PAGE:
One side effect of having an ambiguous relationship with automobiles is that you spend more time getting around by other methods--including your feet. On a routine short walk to the local bookstore I saw evidence of the increasing car-centrism of our society.
As I walk past the Marriott hotel I see that the path from the street to the from door is immaculately cleared, as is the carpark in its entirety. The footpath along the road, however, is snow covered and has been for days. In fact it is easier to walk along the outside edge of the carpark then on the path (although if you do so while walking your dog, a security guard will evict you from the grounds).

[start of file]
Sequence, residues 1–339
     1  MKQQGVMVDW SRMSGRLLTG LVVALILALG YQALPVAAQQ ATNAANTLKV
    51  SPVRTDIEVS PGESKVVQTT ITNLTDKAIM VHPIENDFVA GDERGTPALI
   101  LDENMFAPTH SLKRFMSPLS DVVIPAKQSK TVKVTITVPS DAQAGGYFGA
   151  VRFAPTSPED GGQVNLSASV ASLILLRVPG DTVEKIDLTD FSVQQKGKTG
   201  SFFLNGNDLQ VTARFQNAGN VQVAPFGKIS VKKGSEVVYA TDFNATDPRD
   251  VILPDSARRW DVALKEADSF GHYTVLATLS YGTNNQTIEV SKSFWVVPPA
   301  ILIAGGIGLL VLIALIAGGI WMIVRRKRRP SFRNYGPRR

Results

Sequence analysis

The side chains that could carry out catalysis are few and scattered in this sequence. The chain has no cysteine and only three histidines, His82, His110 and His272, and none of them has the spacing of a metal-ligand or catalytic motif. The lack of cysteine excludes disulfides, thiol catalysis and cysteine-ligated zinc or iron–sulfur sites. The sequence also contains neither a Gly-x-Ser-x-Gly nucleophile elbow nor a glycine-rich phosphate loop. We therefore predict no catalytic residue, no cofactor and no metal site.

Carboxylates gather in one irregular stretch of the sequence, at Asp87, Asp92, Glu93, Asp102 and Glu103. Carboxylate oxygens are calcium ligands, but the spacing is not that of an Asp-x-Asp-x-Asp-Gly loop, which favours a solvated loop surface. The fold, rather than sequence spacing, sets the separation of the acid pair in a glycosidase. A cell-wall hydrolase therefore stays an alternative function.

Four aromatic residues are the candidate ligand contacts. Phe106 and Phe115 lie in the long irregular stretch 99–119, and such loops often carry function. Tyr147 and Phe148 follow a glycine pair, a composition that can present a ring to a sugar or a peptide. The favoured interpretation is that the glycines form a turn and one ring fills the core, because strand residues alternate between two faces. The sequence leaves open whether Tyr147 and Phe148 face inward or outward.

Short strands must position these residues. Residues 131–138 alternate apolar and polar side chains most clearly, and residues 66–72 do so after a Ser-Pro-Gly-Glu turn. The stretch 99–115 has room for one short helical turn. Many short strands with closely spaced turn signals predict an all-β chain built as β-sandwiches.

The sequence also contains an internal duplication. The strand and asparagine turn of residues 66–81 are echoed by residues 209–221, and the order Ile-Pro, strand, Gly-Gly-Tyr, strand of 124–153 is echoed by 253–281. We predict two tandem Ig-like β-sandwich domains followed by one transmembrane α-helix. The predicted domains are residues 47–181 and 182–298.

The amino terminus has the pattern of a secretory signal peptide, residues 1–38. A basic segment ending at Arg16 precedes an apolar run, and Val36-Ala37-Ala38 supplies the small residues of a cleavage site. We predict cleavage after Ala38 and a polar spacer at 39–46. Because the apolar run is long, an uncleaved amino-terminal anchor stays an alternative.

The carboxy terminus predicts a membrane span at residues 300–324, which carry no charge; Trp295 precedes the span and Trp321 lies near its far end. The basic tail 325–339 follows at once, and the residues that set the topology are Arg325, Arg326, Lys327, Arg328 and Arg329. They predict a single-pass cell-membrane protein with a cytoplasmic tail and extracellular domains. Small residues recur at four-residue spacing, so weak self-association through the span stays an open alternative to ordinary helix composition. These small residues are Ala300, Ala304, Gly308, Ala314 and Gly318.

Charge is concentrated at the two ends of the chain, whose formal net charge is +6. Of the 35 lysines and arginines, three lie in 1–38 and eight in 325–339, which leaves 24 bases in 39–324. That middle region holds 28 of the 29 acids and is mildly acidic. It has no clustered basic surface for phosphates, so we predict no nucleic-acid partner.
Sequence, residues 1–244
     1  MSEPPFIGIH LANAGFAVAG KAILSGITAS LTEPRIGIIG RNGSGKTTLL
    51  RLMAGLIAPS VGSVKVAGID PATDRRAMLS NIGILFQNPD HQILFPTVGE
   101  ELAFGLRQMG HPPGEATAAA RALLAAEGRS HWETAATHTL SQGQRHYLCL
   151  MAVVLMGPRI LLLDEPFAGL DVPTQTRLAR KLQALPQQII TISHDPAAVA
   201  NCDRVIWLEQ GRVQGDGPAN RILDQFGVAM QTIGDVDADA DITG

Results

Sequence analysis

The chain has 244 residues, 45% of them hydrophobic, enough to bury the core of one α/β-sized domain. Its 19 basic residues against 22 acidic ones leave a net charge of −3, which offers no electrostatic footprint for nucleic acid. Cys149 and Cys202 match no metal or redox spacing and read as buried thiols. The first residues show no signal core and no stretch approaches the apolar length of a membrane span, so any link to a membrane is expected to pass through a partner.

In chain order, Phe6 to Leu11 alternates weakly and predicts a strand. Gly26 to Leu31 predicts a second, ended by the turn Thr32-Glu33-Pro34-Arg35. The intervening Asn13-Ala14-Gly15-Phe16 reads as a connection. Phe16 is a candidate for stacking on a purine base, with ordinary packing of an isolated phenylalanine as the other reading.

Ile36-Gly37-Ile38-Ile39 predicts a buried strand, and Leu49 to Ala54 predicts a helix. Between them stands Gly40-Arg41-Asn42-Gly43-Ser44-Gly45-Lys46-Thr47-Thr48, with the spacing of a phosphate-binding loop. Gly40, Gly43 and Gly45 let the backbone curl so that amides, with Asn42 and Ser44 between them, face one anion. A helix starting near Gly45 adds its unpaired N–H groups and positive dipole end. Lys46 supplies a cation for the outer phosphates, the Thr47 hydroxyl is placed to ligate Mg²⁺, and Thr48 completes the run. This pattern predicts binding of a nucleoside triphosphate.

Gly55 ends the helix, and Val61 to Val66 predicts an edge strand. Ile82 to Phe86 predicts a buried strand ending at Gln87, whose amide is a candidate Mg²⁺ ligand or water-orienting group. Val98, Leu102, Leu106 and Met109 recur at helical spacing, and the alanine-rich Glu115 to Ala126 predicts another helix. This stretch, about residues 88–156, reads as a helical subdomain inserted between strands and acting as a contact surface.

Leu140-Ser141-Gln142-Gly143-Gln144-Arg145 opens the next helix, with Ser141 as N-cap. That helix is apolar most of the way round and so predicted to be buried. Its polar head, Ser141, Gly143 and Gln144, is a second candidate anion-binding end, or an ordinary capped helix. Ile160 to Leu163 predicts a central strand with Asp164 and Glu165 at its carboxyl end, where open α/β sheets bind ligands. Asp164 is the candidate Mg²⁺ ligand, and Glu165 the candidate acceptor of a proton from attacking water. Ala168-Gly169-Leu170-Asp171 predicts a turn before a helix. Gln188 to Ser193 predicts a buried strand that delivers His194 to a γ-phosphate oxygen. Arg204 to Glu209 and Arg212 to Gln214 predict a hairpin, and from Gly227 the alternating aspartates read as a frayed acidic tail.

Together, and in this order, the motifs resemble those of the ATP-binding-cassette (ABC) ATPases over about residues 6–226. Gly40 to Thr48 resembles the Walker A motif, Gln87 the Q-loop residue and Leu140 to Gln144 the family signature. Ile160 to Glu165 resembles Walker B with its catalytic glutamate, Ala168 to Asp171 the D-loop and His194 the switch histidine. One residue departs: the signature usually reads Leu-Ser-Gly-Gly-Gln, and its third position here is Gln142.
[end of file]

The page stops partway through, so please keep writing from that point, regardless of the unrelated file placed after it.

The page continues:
As I cross the overpass I see that the roadway is in perfect condition. The pavement, however, is completely covered in slick ice. The Wildberry eatery has also not shoveled the public pavement directly outside their building, although the pathway from the carpark to their front door is carefully cleared.
I suppose the logic is that, on some basis, pedestrian traffic does not count. We are not numerous enough, rich enough, or afforded enough alternatives. We aren't customers worth considering or caring for. But pedestrian, especially pedestrains with long memories and cold feet can be very contrary. Marriot and Wildberry go on my list of places not to shop.